A Kiwi father has reached out for help after he made a concerning find on his 13-year-old son's laptop.
The father had been looking at his son's internet history when he discovered a wide range of extensive porn on the laptop, discovering regular viewing habits which has raised alarm bells.
"This is what is wrong with technology! Just look at the 13-year-old boy's history and f**king hell! Are any of your boys this bad? The list goes on for ages," he posted.
"Times from 3am, 3.45pm then 10pm to 3am again constantly.
"Is that normal these days with everyone on a device?"
Another parent has since come forward, telling the Herald that their 11-year-old daughter has looked up porn on the internet after becoming aware of its meaning in the school playground.
The man's post, which was accompanied by a screenshot of his son's internet history, alarmed many parents who are concerned about the impact porn may have on their children.
Some are concerned it could ruin future relationships while others are fearful it could become addictive to some adolescents and encourage damaging behaviour.
"Don't let him keep this up or he'll ruin his relationships with women in the future," one person said.
Another wrote: "As a father to a pre-teen daughter I'll be having chats with my daughter to watch out for things that make her feel uncomfortable. Our young men may get the wrong message of how to treat women from so much exposure to porn."
"We aren't ready for the mental changes this does to the new age coming through. Does this change the mindset of our kids when it comes to sexual relationships? It might be a laugh to some of us but it's becoming an issue amongst the tamariki. It's up to us to sort it out."
Child and Family psychologist David Stebbing, who is an expert of psychological problems affecting children, adolescents, adults, couples and families, believes the issue of pornography needs to be addressed, but warned about being alarmist.
Stebbing told the Herald that he has seen an increase in clients coming in with a range of issues regarding exposure to porn and sexuality.
"It's definitely something that comes into my office. Not notably addiction, but kids are certainly interested in this stuff. The research says 60 per cent of adolescent boys and 20 per cent of girls are considered regular users of pornography.
"What's part of the bigger picture is that there are changes in adolescent sexual behaviour, or the 'hook up culture'. The porn isn't totally responsible for that, but there is an increase in access to pornography and there has been a change in sexual behaviour in adolescents. You could argue there is more than simply a correlation.
"Sexting is another major issue. I've had two young people I've seen in recent times that have ended up with their own videos online and in both cases against their own desire. It had been intercepted by third parties who had posted it. The fact you can access that sort of imagery online is worrying."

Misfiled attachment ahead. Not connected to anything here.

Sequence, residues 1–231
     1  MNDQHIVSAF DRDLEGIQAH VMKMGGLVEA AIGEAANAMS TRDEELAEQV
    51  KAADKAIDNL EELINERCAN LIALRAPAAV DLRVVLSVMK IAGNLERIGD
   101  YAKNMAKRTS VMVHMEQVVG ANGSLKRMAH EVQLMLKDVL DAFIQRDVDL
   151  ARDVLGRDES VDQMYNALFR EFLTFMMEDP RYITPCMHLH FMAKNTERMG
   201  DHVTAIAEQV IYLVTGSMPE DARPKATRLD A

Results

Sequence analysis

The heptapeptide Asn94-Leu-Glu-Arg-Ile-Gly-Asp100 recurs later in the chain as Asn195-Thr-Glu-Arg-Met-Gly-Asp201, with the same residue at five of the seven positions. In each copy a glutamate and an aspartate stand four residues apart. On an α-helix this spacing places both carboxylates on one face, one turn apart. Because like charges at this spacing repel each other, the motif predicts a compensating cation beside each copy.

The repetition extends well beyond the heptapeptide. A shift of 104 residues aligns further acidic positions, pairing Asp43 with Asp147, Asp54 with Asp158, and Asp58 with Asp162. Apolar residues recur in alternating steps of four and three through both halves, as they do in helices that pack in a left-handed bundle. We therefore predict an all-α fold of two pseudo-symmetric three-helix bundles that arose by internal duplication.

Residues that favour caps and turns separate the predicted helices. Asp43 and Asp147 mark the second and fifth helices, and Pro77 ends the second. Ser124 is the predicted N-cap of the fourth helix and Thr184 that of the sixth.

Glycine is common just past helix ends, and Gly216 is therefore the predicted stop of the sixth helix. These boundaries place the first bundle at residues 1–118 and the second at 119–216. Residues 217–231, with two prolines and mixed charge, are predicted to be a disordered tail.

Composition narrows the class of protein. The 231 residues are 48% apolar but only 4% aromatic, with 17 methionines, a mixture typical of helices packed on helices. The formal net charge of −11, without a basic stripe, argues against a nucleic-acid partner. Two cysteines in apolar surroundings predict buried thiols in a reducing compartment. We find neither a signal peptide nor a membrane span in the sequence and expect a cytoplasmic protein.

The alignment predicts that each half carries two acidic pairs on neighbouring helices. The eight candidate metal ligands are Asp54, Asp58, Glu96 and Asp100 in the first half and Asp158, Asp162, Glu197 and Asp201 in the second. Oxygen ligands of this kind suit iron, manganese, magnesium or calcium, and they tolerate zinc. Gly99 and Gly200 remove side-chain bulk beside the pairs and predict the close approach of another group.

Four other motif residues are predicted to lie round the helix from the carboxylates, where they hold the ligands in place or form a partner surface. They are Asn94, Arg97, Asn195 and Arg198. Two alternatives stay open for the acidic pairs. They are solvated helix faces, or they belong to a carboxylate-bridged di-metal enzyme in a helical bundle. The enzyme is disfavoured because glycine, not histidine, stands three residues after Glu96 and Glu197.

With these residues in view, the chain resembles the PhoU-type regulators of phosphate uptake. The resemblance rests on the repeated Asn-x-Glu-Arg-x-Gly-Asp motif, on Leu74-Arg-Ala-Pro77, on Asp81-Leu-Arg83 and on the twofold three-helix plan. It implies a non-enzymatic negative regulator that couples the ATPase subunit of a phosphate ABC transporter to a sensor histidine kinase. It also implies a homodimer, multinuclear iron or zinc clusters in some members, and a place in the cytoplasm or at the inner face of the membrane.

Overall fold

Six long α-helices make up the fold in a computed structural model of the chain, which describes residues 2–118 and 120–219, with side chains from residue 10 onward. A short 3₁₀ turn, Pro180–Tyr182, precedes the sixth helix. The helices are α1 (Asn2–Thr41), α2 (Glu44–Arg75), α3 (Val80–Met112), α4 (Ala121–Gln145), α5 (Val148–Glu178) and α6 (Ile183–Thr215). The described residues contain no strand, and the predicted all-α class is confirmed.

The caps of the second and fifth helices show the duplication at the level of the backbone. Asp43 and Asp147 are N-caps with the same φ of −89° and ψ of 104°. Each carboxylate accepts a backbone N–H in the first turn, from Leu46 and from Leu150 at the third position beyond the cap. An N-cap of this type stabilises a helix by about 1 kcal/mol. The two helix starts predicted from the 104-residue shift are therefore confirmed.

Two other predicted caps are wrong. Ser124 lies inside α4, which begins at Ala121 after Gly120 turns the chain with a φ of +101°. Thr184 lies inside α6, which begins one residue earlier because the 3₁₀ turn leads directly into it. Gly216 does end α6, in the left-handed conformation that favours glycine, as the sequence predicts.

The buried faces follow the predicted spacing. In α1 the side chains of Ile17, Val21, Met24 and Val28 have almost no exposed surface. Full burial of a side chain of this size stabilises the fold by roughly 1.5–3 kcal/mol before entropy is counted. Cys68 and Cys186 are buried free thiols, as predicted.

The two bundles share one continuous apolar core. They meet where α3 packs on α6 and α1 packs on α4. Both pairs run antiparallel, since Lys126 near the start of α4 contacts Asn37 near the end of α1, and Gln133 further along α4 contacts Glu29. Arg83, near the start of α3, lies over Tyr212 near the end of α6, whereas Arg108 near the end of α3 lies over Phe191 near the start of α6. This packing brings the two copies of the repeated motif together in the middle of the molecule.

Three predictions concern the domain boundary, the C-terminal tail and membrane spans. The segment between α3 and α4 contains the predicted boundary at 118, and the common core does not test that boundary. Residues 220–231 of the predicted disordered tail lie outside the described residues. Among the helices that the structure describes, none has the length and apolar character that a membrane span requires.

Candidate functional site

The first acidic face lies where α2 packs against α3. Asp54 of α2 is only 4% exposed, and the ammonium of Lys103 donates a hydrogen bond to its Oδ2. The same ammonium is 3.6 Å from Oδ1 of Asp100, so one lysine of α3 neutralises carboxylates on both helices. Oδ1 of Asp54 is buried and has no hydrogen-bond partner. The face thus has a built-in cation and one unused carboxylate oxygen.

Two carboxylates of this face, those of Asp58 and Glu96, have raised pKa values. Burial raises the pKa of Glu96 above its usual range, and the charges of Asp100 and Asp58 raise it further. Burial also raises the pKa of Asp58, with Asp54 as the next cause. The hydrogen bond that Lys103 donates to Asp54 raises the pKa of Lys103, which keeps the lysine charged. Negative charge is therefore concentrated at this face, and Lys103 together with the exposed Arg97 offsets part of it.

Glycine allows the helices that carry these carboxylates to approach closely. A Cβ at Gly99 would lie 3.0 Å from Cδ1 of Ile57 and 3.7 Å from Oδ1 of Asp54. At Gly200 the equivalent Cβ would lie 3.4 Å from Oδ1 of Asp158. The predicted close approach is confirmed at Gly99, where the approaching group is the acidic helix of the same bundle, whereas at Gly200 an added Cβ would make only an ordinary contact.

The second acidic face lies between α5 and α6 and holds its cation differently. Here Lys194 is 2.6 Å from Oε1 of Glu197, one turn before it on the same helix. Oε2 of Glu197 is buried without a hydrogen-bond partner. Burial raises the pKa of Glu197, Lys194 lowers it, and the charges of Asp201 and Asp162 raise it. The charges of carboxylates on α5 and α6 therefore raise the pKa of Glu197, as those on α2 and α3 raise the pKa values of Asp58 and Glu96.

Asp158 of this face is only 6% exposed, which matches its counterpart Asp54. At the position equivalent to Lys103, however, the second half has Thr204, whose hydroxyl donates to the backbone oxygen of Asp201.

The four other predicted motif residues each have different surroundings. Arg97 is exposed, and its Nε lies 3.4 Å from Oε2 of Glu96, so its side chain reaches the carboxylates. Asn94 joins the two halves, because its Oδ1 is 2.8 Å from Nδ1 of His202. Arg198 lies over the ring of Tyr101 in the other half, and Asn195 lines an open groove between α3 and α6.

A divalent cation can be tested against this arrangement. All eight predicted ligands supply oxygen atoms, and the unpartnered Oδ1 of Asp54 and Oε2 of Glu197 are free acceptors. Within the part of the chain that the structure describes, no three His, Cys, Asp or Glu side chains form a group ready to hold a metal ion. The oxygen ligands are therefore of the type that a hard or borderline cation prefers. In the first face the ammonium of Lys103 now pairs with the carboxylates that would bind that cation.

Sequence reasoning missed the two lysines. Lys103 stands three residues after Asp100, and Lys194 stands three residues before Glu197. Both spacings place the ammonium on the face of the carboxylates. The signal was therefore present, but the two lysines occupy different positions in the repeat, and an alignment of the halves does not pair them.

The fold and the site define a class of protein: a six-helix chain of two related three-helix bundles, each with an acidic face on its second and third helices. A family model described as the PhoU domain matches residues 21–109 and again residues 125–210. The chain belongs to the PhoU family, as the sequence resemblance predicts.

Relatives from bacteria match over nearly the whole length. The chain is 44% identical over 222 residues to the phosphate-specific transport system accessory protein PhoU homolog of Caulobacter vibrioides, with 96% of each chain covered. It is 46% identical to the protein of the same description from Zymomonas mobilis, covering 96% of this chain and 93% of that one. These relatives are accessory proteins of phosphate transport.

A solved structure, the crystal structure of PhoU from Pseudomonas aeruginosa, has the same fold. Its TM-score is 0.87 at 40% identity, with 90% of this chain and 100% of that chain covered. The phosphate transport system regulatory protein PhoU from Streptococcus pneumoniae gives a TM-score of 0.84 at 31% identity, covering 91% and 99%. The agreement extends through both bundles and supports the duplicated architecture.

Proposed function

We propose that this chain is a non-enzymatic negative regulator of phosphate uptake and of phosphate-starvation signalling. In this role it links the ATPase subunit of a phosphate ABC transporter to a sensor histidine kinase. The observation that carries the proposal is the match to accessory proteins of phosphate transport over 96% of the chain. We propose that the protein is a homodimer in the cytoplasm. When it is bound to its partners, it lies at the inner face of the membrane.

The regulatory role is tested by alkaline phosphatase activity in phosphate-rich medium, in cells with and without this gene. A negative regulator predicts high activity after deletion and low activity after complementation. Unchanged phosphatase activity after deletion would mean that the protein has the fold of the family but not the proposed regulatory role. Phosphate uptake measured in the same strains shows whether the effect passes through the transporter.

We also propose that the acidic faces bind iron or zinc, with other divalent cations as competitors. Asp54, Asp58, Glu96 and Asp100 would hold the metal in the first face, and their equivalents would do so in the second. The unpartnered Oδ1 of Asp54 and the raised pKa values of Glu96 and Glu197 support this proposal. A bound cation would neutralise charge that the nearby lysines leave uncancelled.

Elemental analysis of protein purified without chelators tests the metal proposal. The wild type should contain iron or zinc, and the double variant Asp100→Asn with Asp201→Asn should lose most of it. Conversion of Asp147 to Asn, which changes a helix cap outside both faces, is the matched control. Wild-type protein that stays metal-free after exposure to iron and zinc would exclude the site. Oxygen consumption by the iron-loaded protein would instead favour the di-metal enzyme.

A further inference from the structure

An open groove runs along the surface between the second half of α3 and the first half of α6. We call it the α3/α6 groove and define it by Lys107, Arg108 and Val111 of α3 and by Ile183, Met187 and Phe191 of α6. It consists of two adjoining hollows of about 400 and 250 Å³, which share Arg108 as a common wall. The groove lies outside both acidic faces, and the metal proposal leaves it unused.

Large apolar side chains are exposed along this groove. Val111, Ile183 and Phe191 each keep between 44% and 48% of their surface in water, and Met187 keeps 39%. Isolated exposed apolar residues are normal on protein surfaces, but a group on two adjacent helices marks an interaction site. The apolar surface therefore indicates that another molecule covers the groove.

It appears porn is having an impact on adolescent behaviours and how they view sex.
Stebbing warned that intense porn habits could skew expectation and damage relationships, but warned not to dive to conclusions about your own children.
"What we know is the sort of pornography that's accessible is skewing the way young people see sex; both themselves and their own expectations of what themselves should or want to be able to do and also what they expect the partner to be willing or want to do. In an immediate sense that behaviour is likely to damage a relationship or wellbeing.
"Both myself and a colleague have in recent time had two young males who had made an appointment to see a psychologist simply because they felt their own sexual desires were in some way problematic because they didn't want to have a sexual experience with someone they felt connected with.
"There is a lot more violent and extreme violent pornography available on websites. If you're accessing that sort of content as a young person it's massively problematic because it promotes aggression."
Parents have asked how young is too young, and while there is no black and white answer, Stebbing believes the best actions parents can take is to educate and promote healthy relationships rather than being alarmist.
"The best advice is having ways to monitor the internet for young people. I understand it's easy to say and harder to do, but it's also having open conversations about what is out there, why it's out there and why it doesn't represent most people's sex lives or sexual preferences.
"The most useful thing you can do as a parent is model happy, connected, loving relationships.
"I've had an 11-year-old come through my doors to deal with sexual-related matters. But looking something up in a curious way is different than there being an absolute problem. You have to be careful not to overreact but also not to underreact.
"The curiosity isn't the major problem, it's the type of content which is worrying, and the availability of what they can get hold of, in many cases inadvertently."